October 28, 2021

WHO Urges Better Protection of Health Workers from COVID, Burnout

Governments and stakeholders must take action to better protect health and care workers from the effects of the COVID-19 pandemic, the World Health Organization urges in a new statement (PDF) issued jointly with partners including the International Labor Organization. The statement outlines the organizations’ concerns related to health and care worker illnesses and deaths due to COVID-19 as well as growing numbers of these workers affected by health issues such as burnout, stress, anxiety, and fatigue. A WHO working paper published in September estimates that between 80,000 and 180,000 health and care workers could have died globally from COVID-19 from January 2020 to May 2021. And health and care workers’ exposure to heavy workloads, long working hours, and human suffering and death have led to increased levels of anxiety, distress, fatigue, and occupational burnout among these workers, the joint statement says. Heightened stigmatization of health and care workers and increased physical and psychological violence against them are additional concerns highlighted by WHO and its partners.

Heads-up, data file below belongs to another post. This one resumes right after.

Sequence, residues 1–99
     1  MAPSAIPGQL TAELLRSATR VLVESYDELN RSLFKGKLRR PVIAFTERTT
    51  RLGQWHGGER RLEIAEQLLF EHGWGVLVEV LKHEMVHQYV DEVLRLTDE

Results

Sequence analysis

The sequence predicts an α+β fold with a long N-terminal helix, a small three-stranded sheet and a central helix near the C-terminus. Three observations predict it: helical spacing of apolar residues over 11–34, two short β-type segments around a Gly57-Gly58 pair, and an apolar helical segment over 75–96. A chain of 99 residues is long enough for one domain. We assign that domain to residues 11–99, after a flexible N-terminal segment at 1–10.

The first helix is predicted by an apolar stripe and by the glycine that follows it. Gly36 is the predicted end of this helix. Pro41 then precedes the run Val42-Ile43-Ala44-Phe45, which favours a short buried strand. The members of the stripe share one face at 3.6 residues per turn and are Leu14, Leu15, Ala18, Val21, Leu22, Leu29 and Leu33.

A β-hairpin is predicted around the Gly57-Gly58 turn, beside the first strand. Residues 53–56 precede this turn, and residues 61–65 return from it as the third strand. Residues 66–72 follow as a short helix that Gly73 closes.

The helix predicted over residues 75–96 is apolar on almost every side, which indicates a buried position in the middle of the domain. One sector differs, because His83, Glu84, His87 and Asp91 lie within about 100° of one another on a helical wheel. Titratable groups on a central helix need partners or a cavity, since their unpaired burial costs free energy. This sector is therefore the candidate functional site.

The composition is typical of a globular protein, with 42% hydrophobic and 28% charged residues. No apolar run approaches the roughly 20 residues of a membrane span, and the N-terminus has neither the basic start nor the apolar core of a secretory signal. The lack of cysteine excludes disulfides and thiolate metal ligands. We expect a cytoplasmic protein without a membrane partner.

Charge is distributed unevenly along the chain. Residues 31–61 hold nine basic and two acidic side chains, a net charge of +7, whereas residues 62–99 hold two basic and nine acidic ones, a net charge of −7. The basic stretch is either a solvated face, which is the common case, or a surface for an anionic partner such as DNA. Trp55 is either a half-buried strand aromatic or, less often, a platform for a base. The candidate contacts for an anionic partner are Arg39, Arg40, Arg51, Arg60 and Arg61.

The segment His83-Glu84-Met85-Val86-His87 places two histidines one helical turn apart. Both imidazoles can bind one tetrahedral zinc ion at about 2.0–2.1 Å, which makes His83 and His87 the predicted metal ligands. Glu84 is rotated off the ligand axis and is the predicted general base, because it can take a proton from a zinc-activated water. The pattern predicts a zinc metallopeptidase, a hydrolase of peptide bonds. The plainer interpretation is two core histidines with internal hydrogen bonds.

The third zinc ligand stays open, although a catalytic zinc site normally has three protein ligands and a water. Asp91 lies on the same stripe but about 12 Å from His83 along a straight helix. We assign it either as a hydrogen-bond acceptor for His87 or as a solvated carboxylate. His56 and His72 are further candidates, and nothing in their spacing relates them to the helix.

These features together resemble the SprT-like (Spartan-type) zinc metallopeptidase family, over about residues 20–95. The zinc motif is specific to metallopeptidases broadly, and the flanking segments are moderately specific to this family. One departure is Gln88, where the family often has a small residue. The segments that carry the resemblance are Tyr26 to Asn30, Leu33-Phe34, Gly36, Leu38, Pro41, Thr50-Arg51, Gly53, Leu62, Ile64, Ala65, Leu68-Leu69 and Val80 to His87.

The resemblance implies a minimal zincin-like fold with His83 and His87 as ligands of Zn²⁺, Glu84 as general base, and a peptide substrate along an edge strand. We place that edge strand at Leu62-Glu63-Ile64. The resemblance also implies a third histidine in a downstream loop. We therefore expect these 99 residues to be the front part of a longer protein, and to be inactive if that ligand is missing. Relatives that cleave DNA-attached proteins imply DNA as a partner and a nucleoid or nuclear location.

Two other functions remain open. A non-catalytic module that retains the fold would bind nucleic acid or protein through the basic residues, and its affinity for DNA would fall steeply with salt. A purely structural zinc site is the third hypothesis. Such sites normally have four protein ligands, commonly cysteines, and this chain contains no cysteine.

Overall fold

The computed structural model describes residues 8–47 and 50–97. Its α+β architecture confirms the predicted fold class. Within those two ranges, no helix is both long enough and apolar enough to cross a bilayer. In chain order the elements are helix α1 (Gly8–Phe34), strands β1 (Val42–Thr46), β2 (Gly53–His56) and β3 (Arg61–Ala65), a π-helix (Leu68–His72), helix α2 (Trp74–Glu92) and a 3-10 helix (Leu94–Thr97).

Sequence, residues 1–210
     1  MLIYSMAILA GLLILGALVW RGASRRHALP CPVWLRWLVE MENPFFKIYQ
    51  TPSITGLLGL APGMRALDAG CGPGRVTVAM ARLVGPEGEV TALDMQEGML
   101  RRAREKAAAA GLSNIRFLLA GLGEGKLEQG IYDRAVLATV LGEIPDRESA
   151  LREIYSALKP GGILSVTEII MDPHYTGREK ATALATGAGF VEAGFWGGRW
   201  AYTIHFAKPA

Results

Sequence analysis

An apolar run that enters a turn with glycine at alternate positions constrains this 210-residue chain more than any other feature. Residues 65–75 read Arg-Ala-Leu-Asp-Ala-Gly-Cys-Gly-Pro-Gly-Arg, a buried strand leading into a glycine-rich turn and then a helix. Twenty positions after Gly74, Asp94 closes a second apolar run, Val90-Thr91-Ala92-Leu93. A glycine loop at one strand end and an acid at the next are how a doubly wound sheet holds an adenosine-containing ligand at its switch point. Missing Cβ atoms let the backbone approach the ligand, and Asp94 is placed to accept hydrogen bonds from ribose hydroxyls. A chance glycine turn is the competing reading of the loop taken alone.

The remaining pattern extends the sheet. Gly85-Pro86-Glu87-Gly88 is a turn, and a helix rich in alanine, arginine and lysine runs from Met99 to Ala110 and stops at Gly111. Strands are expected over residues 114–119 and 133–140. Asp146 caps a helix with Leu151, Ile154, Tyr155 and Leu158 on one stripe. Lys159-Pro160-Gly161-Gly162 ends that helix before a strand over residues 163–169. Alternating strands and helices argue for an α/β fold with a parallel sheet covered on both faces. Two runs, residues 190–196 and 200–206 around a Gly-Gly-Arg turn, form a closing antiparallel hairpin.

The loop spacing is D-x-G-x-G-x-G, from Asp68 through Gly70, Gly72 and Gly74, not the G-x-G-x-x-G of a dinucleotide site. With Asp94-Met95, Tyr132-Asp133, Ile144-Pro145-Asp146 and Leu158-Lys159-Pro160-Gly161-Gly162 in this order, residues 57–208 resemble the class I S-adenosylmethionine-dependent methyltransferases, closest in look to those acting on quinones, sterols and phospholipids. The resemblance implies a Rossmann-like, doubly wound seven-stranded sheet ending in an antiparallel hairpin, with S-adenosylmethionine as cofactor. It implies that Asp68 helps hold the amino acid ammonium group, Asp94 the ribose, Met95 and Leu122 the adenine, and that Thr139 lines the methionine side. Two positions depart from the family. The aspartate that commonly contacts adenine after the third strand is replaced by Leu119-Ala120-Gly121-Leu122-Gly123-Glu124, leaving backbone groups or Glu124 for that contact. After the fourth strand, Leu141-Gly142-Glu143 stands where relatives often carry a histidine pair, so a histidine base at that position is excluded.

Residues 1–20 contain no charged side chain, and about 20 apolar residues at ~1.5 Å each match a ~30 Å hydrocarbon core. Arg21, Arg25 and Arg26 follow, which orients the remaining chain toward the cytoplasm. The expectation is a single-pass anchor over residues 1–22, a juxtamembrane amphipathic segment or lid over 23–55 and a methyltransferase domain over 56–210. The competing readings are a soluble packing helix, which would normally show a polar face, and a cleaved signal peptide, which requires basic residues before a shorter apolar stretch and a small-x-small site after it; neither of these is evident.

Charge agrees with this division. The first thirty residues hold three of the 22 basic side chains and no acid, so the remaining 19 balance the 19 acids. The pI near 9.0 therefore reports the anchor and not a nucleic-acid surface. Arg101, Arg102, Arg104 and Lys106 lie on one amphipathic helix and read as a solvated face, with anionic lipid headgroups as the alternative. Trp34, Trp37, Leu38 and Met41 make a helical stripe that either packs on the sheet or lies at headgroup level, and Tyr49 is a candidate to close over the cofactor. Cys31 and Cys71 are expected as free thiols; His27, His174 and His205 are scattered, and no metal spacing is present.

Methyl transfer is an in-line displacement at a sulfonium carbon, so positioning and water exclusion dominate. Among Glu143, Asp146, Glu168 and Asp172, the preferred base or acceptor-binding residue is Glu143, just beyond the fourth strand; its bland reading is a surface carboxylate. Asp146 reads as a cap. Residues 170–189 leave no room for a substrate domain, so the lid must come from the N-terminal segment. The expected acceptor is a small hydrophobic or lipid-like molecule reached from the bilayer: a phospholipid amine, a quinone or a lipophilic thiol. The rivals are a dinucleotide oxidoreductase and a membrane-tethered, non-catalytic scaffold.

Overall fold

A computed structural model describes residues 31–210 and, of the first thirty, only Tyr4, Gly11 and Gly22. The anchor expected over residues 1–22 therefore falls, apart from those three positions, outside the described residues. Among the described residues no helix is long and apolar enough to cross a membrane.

The joint statement urges governments, leaders, and policymakers to strengthen the monitoring and reporting of COVID-19 infections, illness, and deaths among health and care workers. Stakeholders should also make regulatory, policy, and investment decisions to protect health and care workers during and beyond the COVID-19 pandemic, the organizations state.

The joint statement also asks leaders and policymakers to accelerate COVID-19 vaccination among health and care workers in all countries. WHO and its partners describe a “considerable difference across regions and economic groupings” regarding health and care workers’ access to vaccines. Data reported to WHO from 119 countries indicate that while an average of two in five health and care workers were fully vaccinated by September 2021, that average was fewer than one in 10 among countries in the African region.

“It is imperative that health and care workers must get adequate protection to be able to do their jobs safely,” the statement reads. “The world cannot recover from the COVID-19 pandemic without long-term, sustainable investments in the people who provide care to us.”

More information about the efforts of WHO and its partners is available in a WHO news release.